Detroit: Experience The Motor City in High Gear

Jordan Bishop September 20, 2018

Throughout American history, one city comes up again and again as a symbol of the nation’s might: Detroit. First came the cigar trade, then breweries flourished, pharmaceuticals moved in, and eventually the automobile took over, giving Detroit its long-lasting moniker, “The Motor City.” Of course, once you get beneath the surface, there’s much more to The Motor City than a rich industrial past. To make the most of your time there, here are some great ways to spend your time in Detroit.

Morning & Afternoon

The brainchild of two cousins, Rose’s Fine Food is a lovable little diner serving some of the best breakfast and lunch in Detroit. The scent of fresh-baked white bread fills the air as you step inside, an aroma not even the most ascetic can rebuff. Killing time daydreaming at Rose’s long linoleum counter is all too easy, and encouraged, too. Menu items are named with playful perkiness—Miss America is a pulled chicken sandwich with radish, goat cheese olive spread and beets; The Fun Guy involves mushroom chips with bacon and yogurt dressing—and positively scrumptious. Rose’s is in high demand, so arriving early isn’t a bad choice.

Now that you’re fueled up, head over to the Heidelberg Project, one of most highly-celebrated urban art projects in the United States. The Heidelberg Project dates back to 1986 when firefighter-turned-artist Tyree Guyton began outfitting the largely-abandoned strip of homes along Heidelberg Street with memorabilia of the city’s storied past. One home has been covered from tip to toe with a curious array of stuffed animals; another adorns dolls, making it, fittingly, the “doll house.” Walking through the Heidelberg Project offers all of the perplexed-yet-intrigued appeal of a contemporary art museum without the stuffy air and fluorescent lighting. Not everything in the area is this raw; on your way out, take a peek at Hunt Street Station, the gorgeous new co-working and events space set in a wonderfully-refreshed former police station.

Buddy’s Pizza has been serving Detroit-style square-slice pizza since Gus Guerra opened the place back in 1946. Guerra is actually the godfather of Detroit-style pizza, known in foodie circles as “a Sicilian slice on steroids” for its thick, chewy crust. Today, Buddy’s has a dozen locations scattered across the city, so you’re never too far from a hot slice of heaven. Opt for the Detroit Zoo, which comes with Buddy’s signature Motor City cheese blend, roasted tomatoes, fresh basil, pine nuts, and tomato basil sauce.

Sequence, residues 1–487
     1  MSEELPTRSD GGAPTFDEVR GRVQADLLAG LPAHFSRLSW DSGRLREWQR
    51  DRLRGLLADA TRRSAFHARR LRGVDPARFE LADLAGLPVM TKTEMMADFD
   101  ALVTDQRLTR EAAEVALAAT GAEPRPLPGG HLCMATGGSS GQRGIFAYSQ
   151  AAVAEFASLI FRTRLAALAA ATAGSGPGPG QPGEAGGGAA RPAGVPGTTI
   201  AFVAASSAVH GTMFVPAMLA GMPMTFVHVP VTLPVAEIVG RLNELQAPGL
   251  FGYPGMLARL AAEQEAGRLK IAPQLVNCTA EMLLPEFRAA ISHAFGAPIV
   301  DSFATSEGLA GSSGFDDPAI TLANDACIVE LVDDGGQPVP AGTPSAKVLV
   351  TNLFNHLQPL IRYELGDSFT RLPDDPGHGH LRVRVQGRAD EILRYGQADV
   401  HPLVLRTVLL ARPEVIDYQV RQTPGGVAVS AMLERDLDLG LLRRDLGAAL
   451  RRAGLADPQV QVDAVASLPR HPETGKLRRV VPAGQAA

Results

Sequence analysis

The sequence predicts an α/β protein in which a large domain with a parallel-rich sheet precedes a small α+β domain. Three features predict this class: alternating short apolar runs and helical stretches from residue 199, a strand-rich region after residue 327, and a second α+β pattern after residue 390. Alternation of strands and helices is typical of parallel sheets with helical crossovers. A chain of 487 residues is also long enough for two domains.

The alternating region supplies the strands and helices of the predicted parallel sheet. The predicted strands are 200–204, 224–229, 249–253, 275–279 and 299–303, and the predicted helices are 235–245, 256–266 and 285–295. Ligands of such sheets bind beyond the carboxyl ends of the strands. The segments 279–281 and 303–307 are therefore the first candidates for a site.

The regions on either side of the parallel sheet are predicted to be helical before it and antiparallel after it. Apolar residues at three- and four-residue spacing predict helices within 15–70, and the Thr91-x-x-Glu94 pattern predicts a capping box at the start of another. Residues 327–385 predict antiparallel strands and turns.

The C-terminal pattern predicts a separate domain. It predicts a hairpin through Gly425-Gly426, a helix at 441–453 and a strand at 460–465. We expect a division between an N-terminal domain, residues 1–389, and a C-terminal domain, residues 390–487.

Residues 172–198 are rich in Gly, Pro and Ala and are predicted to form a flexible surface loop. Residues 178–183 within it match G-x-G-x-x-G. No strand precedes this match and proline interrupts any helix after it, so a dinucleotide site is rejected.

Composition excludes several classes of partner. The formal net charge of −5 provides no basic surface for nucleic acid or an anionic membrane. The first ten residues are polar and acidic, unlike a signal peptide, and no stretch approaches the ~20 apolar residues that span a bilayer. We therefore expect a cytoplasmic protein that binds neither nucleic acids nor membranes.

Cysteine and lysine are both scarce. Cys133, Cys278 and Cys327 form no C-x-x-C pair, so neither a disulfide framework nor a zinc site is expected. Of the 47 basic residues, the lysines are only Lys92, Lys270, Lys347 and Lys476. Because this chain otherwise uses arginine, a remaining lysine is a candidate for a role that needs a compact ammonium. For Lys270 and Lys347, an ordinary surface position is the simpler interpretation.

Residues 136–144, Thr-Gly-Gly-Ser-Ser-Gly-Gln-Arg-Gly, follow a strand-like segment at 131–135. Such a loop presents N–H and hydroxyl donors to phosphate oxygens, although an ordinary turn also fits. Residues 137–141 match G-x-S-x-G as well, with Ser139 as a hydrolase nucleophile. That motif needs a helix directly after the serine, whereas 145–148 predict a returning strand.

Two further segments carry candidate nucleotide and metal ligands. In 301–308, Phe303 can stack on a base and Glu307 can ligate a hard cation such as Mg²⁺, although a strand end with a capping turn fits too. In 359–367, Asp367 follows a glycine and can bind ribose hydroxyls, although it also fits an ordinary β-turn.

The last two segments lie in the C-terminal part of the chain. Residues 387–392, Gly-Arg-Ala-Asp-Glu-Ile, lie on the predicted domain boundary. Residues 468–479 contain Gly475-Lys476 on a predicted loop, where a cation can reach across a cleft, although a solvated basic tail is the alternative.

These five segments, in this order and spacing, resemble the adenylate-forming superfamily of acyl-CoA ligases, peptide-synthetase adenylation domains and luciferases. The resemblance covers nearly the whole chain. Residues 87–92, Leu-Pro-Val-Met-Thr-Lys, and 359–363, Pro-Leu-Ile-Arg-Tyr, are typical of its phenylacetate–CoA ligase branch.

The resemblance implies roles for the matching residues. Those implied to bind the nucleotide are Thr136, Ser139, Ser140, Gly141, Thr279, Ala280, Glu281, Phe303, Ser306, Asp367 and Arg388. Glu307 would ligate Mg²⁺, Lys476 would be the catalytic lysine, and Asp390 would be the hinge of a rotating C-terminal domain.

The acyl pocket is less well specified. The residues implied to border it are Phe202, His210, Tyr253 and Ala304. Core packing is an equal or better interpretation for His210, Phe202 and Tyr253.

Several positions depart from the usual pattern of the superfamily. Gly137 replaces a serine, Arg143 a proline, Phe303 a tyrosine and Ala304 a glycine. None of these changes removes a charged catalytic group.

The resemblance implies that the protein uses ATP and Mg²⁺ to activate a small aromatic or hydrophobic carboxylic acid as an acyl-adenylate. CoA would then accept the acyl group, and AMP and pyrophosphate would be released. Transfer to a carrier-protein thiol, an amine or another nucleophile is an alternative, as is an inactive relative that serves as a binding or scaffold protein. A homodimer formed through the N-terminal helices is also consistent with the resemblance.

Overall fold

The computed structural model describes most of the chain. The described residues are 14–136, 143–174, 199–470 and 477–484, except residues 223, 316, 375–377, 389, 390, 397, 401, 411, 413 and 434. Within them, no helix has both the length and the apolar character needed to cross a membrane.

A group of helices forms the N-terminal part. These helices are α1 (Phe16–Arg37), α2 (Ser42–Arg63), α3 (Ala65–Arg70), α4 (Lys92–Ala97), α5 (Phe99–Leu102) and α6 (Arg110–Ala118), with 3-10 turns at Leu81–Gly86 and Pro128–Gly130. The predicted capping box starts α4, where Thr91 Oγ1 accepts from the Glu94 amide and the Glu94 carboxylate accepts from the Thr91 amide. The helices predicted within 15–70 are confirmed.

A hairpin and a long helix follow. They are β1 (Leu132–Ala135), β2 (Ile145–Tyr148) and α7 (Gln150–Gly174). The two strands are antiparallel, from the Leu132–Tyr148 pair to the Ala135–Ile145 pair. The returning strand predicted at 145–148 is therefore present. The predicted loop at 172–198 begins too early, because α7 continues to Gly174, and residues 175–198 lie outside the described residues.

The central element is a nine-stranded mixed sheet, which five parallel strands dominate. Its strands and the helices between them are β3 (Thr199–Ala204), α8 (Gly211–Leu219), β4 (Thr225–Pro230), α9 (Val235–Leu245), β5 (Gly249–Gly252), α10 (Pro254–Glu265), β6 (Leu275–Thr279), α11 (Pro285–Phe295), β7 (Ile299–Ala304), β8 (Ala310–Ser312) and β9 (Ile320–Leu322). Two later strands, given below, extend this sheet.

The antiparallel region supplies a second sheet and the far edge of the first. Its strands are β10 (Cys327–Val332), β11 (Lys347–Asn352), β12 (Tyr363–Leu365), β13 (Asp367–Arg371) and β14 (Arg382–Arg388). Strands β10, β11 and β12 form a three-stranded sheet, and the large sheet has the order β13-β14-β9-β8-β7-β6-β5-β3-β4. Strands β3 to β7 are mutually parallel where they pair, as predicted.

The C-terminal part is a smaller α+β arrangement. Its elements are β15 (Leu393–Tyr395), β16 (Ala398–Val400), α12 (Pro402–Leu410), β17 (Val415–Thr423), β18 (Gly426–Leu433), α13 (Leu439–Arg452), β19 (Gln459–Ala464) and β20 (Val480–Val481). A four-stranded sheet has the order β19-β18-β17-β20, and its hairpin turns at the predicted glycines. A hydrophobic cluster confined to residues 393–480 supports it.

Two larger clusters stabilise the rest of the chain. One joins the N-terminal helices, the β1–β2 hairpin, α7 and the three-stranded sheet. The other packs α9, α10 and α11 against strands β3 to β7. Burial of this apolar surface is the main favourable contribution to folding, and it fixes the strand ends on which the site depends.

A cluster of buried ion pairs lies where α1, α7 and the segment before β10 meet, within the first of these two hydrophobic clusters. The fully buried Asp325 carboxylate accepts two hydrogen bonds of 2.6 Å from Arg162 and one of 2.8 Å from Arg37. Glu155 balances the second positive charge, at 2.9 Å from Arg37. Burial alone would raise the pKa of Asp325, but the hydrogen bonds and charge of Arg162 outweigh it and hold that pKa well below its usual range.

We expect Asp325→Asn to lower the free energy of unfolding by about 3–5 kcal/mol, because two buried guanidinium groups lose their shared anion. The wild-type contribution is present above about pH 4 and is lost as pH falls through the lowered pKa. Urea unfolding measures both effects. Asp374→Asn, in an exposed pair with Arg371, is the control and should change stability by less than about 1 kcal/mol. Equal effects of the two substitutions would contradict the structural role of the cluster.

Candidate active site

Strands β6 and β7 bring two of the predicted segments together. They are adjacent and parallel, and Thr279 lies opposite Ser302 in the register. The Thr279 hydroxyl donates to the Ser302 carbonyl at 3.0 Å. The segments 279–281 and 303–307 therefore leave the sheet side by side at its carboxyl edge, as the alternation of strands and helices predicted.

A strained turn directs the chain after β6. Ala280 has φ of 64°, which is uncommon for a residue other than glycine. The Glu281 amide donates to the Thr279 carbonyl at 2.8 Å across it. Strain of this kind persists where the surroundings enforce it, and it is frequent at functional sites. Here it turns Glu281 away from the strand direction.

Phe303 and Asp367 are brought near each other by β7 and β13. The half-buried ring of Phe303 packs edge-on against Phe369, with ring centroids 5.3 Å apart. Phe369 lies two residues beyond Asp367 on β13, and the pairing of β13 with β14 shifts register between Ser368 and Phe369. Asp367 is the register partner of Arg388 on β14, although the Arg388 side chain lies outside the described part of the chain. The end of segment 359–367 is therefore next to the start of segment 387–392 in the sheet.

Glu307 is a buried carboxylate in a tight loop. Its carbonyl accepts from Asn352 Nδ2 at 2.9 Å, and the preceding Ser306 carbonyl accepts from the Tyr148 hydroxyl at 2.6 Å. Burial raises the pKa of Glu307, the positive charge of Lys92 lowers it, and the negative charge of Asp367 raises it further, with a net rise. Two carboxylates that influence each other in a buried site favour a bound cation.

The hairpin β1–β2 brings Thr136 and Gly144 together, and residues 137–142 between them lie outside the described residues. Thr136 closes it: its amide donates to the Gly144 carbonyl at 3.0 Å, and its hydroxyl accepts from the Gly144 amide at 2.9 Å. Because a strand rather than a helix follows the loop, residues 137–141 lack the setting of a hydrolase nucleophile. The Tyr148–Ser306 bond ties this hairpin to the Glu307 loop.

No trip to Detroit is complete without a look at its musical roots. Both Motown (of course) and techno (perhaps surprisingly) were born here, and the city’s list of world-class musicians is truly astounding. Aretha Franklin, Eminem and Diana Ross are obvious culprits, but Alice Cooper, Marvin Gaye, Kid Rock, Big Sean, Stevie Wonder and The White Stripes may jump to mind less quickly. Peoples Records has a mind-boggling collection of R&B, jazz and soul, with a choice assortment of rock and funk thrown in, too.

Evening & Late Night

Canadians tend to think of one thing when they hear the word “skates”: ice. But don’t forget that in many places around the world, skates come with four wheels apiece. Riverside Arena is the best place to get your fix in Detroit, where skating is equal parts sport, art and social outing. “Detroit has a vibe about skating,” explains Charlotte Beacham, general manager of the MoTown Navigators skate club. “That’s what we do.” Marcus “Fresh” Gavin, who’s built more like a linebacker than a roller skater, agrees. “We call it Skate Family. Everybody in the rink—we’re a family.” In Detroit, skating is all about getting into the groove, so let Riverside’s disco ball and distinctive Detroit funk transport you back a few decades.

Though Detroit has seen its share of struggle in years past, Midtown has never relinquished its position as the city’s shining star. Part of Midtown’s recent success is due to the resurgence of artisanal shops like Shinola, which peddles its trademark made-in-America watches, bikes and leather accessories from its flagship store here. Around the corner from Shinola is The Bronx, a pool-table-and-jukebox sort of getup known for its oversized burgers and sundry selection of beer. “The Bronx is short on frills,” writes the Detroit Metro Times, “No bands, no parking, no Red Bull or exotic martinis—but long on character.” It’s up to you to find out just what that character is.

Often called the “Cheers of Detroit,” TV Lounge is where everybody knows your name. On weekdays, it’s cozy and intimate, a perfect spot for catching up with friends. Don’t let that low-key innocence fool you, though. On weekends, local and international DJs get the place thumping with the best of Detroit house.

The Trumbull & Porter Hotel in Corktown offers spacious rooms with polished concrete floors and contemporary leather furnishings. The outdoor beer garden and fire pit around the back of the hotel give it a warm ambience, while the bold color palette and Detroit-themed art strewn across the property ensure design lovers will feel at home, too.

The central message of this marvellous metropolis is clear: Good things come in unexpected packages.

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